Siemens gains from rebounding global economy

Orders surged 14 per cent in the fiscal first quarter, driven by demand for rail carriages in the US, wind turbines and automation software

Joe Kaeser, CFO, leaves a press conference of the German industrial giant Siemens, ahead of the annual shareholder's meeting, at the Olympic hall in Munich, southern Germany, on January 31, 2018. 
German engineering giant Siemens said Wednesday that profits jumped in the first quarter, driven by rising demand for its products in areas ranging from renewable energy and trains to industrial robots. 
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Siemens is riding a booming global economy that’s lifting orders for its factory, transport and energy equipment and giving the chief executive Joe Kaeser support in his mission to reshape Europe’s largest engineering company.

Orders surged 14 per cent in the fiscal first quarter, driven by demand for rail carriages in the US, wind turbines and automation software used to keep production humming. Sales advanced 3 per cent, the Munich-based company said Wednesday. The stock rose as much as 1.5 per cent.

Mr Kaeser, a Siemens veteran who has been CEO for four years, has championed the company’s engineering prowess while simplifying its byzantine structure, paring back in areas like lighting and healthcare systems, which Siemens is spinning off.

He’s also cut thousands of jobs at its gas-turbine business, once a top performer in the portfolio and now a drag on earnings as utilities cut back orders for huge power-generation equipment.

“The strong order intake in the first quarter is particularly gratifying,” Mr Kaeser said at a press conference in Munich, ahead of today’s annual meeting with shareholders. “A look at the figures our competitors have released so far shows we’re gaining further market share.”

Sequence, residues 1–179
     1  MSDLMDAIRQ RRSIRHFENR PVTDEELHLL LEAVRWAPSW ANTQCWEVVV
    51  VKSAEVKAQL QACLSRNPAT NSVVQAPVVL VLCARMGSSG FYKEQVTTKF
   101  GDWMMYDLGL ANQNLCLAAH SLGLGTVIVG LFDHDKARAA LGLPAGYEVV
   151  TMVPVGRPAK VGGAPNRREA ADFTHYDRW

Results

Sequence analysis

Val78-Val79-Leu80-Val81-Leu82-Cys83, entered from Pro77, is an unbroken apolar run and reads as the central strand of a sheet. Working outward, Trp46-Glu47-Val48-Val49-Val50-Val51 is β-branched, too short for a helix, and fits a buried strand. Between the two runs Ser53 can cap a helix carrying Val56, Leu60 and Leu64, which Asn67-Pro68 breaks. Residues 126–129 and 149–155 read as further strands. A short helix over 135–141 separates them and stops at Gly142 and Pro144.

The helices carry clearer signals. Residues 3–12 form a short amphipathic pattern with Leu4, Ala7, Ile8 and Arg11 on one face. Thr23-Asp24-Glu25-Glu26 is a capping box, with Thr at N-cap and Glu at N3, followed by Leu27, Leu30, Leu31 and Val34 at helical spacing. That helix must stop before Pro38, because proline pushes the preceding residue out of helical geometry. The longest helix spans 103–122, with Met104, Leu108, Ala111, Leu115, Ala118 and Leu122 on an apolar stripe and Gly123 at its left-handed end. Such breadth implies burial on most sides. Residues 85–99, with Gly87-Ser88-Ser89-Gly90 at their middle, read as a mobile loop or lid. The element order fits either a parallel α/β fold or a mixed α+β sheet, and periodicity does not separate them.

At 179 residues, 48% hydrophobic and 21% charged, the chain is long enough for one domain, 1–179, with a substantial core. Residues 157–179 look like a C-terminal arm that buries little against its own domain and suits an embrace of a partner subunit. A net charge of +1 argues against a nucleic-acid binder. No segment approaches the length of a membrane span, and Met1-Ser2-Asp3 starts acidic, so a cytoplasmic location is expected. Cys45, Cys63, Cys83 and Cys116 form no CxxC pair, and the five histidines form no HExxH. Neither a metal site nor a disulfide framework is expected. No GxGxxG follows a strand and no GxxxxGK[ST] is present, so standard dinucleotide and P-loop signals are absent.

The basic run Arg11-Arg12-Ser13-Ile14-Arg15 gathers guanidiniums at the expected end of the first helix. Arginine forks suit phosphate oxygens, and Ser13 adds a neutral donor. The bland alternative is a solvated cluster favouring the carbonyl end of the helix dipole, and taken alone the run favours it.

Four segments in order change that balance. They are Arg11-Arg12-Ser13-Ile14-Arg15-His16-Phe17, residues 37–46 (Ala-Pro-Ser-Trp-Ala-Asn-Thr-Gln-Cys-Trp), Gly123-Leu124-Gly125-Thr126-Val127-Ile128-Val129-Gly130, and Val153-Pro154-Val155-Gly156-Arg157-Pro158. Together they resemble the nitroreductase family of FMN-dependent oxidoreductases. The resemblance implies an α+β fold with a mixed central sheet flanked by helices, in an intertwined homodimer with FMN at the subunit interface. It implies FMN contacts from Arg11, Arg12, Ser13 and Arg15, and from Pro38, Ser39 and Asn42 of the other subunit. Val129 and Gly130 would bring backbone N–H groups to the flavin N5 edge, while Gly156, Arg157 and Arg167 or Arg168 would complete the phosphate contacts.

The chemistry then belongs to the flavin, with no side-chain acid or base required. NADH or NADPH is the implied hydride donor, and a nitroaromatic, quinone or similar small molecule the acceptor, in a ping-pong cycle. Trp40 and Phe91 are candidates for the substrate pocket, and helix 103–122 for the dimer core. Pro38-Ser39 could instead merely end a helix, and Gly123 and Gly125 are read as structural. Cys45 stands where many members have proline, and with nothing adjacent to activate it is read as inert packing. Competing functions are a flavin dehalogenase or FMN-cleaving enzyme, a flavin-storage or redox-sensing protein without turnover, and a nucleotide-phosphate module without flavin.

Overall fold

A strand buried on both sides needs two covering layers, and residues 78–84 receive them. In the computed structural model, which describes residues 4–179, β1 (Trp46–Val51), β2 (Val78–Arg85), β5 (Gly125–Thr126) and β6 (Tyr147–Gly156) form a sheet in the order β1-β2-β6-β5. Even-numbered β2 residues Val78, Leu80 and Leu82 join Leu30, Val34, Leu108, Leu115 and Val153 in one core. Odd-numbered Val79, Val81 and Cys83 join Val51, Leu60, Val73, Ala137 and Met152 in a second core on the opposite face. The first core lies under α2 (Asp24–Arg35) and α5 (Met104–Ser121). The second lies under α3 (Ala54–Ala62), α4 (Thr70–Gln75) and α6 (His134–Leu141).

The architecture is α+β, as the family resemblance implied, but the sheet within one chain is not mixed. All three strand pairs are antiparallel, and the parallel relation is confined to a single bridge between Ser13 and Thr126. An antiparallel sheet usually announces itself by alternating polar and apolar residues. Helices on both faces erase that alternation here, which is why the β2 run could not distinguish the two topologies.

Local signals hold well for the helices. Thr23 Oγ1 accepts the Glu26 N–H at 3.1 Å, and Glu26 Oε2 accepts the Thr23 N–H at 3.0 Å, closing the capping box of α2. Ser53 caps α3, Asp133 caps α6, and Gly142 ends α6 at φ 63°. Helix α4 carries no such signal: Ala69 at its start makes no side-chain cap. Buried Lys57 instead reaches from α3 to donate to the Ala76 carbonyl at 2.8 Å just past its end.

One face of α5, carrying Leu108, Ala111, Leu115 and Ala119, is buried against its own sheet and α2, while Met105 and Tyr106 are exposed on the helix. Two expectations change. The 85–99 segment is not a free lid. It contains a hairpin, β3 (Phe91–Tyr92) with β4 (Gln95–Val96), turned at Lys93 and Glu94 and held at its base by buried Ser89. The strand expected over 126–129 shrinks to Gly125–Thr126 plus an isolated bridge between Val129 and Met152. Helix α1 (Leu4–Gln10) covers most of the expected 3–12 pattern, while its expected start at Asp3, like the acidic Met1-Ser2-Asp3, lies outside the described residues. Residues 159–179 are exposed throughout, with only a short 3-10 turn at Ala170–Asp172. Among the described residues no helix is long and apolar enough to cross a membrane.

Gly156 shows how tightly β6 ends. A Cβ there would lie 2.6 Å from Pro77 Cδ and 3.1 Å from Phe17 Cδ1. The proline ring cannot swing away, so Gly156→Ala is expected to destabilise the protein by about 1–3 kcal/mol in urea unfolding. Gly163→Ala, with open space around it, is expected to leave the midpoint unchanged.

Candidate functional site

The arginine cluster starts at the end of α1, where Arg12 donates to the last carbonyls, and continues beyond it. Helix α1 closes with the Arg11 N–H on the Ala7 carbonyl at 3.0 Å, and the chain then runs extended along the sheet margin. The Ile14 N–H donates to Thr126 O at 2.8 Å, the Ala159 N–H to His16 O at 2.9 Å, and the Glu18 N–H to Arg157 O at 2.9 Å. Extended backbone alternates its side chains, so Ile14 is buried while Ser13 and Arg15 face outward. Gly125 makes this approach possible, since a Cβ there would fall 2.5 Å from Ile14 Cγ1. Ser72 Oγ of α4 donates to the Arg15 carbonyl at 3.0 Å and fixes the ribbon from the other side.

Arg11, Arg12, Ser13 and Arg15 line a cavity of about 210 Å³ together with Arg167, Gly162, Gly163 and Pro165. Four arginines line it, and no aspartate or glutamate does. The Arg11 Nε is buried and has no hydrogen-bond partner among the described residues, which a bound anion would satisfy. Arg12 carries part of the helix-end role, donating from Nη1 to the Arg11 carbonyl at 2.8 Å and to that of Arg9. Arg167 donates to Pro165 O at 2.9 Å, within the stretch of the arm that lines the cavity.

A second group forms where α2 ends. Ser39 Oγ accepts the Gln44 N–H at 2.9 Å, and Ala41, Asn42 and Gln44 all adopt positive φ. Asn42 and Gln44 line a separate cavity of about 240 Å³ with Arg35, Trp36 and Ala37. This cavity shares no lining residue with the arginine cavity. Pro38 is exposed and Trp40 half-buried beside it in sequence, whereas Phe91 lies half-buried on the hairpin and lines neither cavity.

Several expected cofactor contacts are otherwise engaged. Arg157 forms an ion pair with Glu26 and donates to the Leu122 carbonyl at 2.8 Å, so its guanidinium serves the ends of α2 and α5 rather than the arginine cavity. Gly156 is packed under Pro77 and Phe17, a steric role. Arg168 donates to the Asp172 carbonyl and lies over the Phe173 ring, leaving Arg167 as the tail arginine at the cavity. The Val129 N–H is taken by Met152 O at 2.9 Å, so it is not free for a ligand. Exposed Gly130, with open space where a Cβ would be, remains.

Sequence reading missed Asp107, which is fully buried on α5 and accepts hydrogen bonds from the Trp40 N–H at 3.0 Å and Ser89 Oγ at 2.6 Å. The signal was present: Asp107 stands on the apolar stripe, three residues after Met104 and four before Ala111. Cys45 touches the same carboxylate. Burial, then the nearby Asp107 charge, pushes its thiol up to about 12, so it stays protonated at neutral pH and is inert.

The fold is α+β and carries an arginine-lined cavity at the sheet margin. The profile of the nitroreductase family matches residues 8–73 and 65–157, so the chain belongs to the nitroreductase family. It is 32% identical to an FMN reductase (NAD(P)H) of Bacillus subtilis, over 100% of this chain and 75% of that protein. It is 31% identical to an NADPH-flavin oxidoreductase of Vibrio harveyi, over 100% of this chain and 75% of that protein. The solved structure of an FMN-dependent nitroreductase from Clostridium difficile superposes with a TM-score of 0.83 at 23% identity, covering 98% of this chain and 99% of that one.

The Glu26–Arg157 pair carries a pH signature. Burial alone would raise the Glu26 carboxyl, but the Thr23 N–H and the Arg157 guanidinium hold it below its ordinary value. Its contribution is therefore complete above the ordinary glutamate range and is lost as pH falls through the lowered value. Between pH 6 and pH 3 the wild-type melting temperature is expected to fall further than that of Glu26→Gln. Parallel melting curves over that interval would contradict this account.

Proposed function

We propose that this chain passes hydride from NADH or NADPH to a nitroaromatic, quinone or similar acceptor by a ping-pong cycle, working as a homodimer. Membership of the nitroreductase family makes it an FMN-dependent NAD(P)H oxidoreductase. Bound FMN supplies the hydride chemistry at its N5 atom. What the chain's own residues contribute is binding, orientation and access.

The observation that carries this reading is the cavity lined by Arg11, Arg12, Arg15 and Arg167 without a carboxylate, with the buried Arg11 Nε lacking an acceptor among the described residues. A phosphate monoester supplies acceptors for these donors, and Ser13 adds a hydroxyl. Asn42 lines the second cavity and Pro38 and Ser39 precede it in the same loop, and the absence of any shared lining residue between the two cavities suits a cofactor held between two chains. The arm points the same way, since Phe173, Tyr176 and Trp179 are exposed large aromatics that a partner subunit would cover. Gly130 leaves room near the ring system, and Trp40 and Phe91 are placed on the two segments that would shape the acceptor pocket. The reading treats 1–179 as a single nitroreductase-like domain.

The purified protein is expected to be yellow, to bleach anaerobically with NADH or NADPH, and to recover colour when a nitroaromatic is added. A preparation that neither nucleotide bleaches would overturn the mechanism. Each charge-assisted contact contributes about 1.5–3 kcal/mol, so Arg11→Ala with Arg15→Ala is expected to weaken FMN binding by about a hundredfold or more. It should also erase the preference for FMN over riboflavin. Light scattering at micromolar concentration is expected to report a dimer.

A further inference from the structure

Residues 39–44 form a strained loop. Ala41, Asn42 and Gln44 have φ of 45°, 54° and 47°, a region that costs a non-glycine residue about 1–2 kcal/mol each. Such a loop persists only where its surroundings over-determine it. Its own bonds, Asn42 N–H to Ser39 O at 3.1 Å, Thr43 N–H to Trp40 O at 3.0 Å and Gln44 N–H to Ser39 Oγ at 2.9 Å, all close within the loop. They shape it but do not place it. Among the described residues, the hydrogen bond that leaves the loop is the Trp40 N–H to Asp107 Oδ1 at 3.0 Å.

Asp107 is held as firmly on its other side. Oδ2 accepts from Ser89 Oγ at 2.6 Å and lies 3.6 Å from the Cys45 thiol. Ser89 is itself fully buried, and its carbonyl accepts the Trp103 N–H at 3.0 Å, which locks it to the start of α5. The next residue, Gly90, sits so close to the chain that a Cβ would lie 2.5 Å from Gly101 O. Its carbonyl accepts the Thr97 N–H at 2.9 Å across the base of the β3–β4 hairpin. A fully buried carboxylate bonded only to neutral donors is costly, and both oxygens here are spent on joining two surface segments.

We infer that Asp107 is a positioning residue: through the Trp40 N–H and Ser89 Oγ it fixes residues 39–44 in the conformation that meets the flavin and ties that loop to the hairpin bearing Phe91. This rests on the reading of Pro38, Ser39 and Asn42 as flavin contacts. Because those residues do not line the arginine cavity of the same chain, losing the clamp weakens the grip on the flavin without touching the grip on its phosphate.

Mr Kaeser burnished his role as the standard bearer of German industry last week, when he sat next to the US President Donald Trump at a dinner at the World Economic Forum in Davos, Switzerland, highlighting the company’s US achievements and plans to invest. His comments about a factory in the US drew the ire of local workers back at home in Germany fretting over the future of their own jobs.


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Siemens stock is up 5.2 per cent this year, giving the company a market cap of €104 billion (Dh75.56bn). Orders up 14 per cent to €22.5bn, while revenue climbed up 3 per cent to €19bn. So-called profit from industrial operations, however, fell down 14 per cent to €2.21bn. While that surpassed estimates, the results included a net benefit of €437 million from revaluing Siemens’s future US tax obligations. Transport orders rose 49 per cent; digital factory was up 31 per cent; and wind turbines up 103 per cent.

The positive momentum at Siemens’s rail, wind-turbine and digital factory units was surprising, said Bankhaus Metzler analyst Jasko Terzic. Strength in those divisions served to offset drops at power-and-gas and at the US-reliant Healthineers business, which was hampered by currency headwinds amid a falling dollar.

Mr Kaeser announced in November that Siemens would cut 6,900 jobs from its power-and-gas and process industries units, half of those in Germany. That’s generated criticism from unions and employees, who are wary of his plan to reduce the industrial conglomerate to a collection of semi-autonomous units. Here, too, he may get some cover from the economy’s momentum, as German joblessness falls to record lows.

Talks with unions on the job cuts are progressing, Mr Kaeser said, and should be finished by the end of the fiscal year, which for Siemens ends on September 30.

In addition to healthcare spin-off, Mr Kaeser is merging Siemens’s rail operation with that of Alstom. It joined its wind power division with Spanish company Gamesa in 2017. Mr Kaeser declined to comment on plans to sell the company’s Flender unit, which makes mechanical drives. He said the business’s turnaround has been impressive, since it was previously considered an underperformer.